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Latest child poverty statistics released – Media release

25 February 2020

There are nine different measures for child poverty, and these statistics were published today for the year ended June 2019, Stats NZ said today.

“The nine measures reported today provide a broader picture of child poverty in New Zealand than a single measure could,” labour market and household statistics senior manager Sean Broughton said.

There were generally decreases in the low-income measures, though most of the changes likely reflect the expected uncertainties present in all sample surveys. There was no significant change to material hardship rates.

We produced the statistics from our improved household economic survey (HES), which surveyed adults in more than 20,000 households in 2018/19, compared with between 3,500 and 5,500 households in previous years.

The Child Poverty Reduction Act 2018 requires Stats NZ to report annually on a set of nine different measures. Three of the nine measures have targets to reduce child poverty over three- and 10-year periods.

The proportion of children living in low-income households are presented both before and after housing costs. The income measures use an equivalised median income, which means the income is adjusted for household size and composition.

Child poverty statistics: Technical appendix 2018/19 includes the different median incomes for different household compositions.

In the year ended June 2019, about one in seven New Zealand children (168,500) lived in households with less than 50 percent of the median equivalised disposable household income before housing costs are deducted.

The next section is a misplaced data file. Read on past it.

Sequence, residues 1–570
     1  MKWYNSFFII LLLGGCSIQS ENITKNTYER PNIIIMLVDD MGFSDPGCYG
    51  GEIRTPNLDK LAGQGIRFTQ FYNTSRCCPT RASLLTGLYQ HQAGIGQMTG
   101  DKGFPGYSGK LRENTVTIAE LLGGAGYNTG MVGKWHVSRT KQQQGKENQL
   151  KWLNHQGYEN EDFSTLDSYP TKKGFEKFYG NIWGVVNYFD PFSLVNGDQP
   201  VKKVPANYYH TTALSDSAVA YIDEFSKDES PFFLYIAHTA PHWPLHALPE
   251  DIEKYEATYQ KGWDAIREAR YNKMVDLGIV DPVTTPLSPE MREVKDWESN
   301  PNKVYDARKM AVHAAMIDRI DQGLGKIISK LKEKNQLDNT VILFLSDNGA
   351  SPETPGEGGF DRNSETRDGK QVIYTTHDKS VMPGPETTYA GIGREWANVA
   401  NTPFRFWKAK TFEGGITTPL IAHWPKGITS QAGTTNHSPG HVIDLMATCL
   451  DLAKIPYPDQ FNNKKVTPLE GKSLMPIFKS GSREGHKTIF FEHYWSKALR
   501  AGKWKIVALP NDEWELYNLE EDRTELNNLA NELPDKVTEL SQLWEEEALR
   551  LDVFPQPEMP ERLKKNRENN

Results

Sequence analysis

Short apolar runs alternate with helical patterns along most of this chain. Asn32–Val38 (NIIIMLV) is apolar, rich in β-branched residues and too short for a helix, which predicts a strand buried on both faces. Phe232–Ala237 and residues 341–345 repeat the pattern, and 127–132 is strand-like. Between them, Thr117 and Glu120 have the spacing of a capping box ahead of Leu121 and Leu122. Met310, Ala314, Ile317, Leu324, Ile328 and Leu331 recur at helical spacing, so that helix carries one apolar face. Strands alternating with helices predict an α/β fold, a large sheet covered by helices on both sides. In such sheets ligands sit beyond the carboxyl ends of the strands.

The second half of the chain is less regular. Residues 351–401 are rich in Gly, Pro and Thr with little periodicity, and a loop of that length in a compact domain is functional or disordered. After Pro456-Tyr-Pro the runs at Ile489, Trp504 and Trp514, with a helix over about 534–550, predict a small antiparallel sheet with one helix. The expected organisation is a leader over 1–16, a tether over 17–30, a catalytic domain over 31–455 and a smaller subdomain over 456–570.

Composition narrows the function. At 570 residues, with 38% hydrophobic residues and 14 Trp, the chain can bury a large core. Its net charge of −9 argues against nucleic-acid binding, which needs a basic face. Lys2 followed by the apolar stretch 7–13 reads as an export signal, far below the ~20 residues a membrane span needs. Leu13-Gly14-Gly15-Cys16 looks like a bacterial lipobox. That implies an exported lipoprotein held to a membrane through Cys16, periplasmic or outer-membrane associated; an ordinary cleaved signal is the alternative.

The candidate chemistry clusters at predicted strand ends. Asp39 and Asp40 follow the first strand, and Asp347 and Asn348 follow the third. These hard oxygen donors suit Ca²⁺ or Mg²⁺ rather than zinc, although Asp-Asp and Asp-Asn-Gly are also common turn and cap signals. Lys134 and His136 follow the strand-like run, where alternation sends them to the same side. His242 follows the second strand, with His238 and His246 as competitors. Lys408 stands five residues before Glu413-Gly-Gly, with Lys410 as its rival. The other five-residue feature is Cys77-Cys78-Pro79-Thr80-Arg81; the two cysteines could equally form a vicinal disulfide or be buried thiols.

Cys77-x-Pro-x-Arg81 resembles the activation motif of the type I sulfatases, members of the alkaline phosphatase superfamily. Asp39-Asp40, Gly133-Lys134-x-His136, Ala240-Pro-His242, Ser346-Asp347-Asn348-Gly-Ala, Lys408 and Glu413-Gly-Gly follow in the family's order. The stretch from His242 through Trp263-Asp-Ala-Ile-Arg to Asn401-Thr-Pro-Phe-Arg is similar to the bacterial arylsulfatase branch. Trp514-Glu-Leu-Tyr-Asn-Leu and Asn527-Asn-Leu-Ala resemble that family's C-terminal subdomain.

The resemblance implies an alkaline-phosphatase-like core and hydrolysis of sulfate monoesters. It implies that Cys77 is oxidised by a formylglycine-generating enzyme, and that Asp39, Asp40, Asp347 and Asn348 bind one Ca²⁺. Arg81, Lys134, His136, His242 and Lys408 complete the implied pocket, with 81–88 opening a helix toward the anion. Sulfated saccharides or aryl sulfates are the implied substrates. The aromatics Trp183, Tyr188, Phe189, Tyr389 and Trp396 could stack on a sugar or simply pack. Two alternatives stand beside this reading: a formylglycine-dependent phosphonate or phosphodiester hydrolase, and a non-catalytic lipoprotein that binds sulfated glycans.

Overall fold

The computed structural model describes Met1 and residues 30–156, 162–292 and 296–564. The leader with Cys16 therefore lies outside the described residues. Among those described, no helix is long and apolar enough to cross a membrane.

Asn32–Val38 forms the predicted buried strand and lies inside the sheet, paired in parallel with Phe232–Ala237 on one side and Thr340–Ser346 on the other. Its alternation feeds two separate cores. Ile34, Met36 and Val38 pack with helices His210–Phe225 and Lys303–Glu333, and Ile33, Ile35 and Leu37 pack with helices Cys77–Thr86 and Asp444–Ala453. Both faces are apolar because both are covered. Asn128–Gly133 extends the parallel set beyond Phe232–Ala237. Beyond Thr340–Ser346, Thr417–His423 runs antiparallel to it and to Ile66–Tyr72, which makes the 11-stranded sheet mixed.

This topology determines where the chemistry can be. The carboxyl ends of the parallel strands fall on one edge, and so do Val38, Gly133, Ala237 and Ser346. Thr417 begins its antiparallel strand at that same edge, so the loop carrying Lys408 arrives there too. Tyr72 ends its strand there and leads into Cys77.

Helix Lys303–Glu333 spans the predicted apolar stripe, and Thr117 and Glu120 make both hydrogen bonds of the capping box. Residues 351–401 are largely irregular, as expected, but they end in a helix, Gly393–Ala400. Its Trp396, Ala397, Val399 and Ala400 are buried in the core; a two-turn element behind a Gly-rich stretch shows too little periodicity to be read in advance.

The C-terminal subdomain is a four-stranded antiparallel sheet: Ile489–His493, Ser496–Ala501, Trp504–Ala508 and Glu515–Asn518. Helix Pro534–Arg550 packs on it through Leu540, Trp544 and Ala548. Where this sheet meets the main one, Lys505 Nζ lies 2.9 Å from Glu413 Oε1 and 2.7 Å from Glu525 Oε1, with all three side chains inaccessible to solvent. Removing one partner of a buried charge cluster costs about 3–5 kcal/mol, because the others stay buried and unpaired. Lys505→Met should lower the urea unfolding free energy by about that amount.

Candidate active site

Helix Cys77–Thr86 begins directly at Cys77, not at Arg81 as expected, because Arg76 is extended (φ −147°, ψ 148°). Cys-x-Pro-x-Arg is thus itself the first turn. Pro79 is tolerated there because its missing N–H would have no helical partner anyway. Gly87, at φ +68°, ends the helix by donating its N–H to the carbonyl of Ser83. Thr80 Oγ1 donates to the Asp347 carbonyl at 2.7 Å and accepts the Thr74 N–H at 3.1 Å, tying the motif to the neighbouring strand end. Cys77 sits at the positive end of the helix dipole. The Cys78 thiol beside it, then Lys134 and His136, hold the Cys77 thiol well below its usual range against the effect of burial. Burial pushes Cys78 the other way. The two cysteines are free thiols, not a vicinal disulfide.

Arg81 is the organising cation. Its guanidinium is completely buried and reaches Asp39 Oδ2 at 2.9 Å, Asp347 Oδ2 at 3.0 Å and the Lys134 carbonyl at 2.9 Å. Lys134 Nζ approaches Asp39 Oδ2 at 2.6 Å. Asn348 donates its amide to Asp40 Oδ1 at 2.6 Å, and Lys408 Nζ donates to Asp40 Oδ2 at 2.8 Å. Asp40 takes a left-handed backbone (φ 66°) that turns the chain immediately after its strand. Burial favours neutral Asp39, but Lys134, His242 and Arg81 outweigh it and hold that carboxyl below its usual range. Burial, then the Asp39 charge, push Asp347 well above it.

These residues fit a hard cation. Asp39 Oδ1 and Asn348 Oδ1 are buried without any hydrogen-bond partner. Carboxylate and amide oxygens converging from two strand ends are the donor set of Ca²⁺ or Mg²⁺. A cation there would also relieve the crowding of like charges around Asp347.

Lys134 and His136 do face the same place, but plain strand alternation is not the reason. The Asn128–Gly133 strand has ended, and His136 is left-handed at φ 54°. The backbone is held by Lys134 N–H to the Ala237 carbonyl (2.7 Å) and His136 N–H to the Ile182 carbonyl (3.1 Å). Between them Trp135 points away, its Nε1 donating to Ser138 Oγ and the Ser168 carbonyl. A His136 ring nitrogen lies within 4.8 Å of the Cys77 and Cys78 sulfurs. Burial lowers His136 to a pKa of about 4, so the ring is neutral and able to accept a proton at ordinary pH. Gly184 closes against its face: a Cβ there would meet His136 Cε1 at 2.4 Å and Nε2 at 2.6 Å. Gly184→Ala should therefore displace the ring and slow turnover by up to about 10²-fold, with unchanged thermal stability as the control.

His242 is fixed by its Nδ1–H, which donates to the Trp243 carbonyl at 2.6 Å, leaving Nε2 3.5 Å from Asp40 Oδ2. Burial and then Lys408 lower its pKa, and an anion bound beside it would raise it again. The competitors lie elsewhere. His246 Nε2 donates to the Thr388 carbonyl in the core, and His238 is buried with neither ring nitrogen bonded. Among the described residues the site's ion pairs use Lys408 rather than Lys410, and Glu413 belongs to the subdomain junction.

After housing costs have been deducted, the number of children living in New Zealand in relative poverty rises to one in five children (235,400). This measure, accounting for both inflation and the impact of housing costs, shows about 20.8 percent of children live in households with an income below half the 2017/18 median equivalised disposable household income.

As well as looking at incomes before and after housing costs have been deducted, Stats NZ reports on material hardship, which indicates the number of households missing out on more than six of the 17 basic things most people would regard as essentials.

“Examples of material hardship include the respondent reporting not eating fresh fruit or vegetables, putting off a visit to the doctor, or not being able to pay the gas or electricity bills on time,” Mr Broughton said.

Looking at that material hardship measure, in the year ended June 2019, about one in eight children (13.4 percent) lived in households reporting material hardship. There was no significant change from 2017/18 to 2018/19 in material hardship rates.

Findings for Māori and Pacific peoples

The increase in the HES sample size has meant that, for the first time, we are able to produce child poverty statistics for different ethnic groups and for different regions in New Zealand. While we do not have the data available to produce comparable statistics for past years, we will continue to monitor tr